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CAUTION: Contents under pressure: A sharp look at trauma, students and our schools

by HPR Contributor | .(JavaScript must be enabled to view this email address) | News | February 19th, 2020

design by Raul Gomez

by Meg Luther Lindholm

Who was it that said that the health of a city can be measured by the health and well-being of its children? If no one else has made that claim – then I’m making it now. And to judge by the recent report on the state of Fargo’s public schools there are children whose emotional health is so poor that their behavior is undermining other students, teachers, staff and the social atmosphere in their schools.

I had no sense of this when I, as the parent of a Middle School student, joined the almost full-to-capacity crowd at Fargo South to listen to Superintendent Dr. Rupak Gandhi deliver his State of the Schools address on January 7th. Not having read the documents outlining the school district’s strategic priorities that were sent out beforehand I was simply looking forward to a feel-good dose of boosterism. After all aren’t speeches about the State of the Union, the State, the City or in this case the Schools an opportunity for the leader in charge to gloat over past achievements and future goals? Weren’t we there to be serenaded with talk of strategic initiatives and operational plans?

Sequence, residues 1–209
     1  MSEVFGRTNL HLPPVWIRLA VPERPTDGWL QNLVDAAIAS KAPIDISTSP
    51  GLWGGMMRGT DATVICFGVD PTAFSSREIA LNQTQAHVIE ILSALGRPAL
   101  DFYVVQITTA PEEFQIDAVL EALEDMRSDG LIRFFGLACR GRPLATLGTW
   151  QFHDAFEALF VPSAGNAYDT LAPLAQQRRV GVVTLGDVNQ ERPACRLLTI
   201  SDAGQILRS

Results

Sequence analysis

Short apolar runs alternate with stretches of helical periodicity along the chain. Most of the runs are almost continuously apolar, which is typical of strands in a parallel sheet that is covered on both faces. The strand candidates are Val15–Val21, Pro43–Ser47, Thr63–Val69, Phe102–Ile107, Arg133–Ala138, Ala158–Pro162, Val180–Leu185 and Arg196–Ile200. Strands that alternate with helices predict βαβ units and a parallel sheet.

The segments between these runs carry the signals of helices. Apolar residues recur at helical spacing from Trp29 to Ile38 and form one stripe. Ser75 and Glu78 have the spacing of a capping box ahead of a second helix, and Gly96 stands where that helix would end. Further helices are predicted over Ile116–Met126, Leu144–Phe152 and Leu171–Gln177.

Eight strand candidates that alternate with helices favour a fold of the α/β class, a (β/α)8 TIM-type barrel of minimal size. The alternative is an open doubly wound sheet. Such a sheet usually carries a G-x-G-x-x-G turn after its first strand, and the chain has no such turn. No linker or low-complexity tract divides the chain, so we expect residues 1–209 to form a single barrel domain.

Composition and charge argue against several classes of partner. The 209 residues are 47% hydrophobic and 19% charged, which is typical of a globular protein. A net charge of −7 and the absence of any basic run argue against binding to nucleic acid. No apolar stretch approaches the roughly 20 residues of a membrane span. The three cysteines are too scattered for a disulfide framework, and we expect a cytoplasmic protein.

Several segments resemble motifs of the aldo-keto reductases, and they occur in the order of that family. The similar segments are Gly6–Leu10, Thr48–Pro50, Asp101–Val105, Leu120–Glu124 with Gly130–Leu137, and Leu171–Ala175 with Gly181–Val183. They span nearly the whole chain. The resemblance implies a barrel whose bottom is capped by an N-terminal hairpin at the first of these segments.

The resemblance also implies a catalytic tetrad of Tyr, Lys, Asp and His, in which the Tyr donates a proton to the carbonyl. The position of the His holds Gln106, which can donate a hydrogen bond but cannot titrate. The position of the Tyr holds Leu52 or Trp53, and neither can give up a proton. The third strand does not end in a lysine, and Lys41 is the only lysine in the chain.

Certainly, Governor Burgum in his recent State of the State address spoke glowingly of North Dakota’s great potential using words like “strong, and boundless opportunity.” But If he had sat in the darkened auditorium listening to Dr. Gandhi, he would have heard a very different message – one focused on the need to collectively address the traumas children are experiencing at home that can result in behavioral problems at school. And like a virus that infects the air we breathe, these problems can affect everyone around them including teachers, staff and other students. What is needed according to Dr Gandhi and the people I interviewed after his address is the training and resources to equip schools to become trauma sensitive - where teachers and staff understand the reasons for students’ acting out behavior and can respond in positive rather than punitive ways.

Role of trauma in children’s lives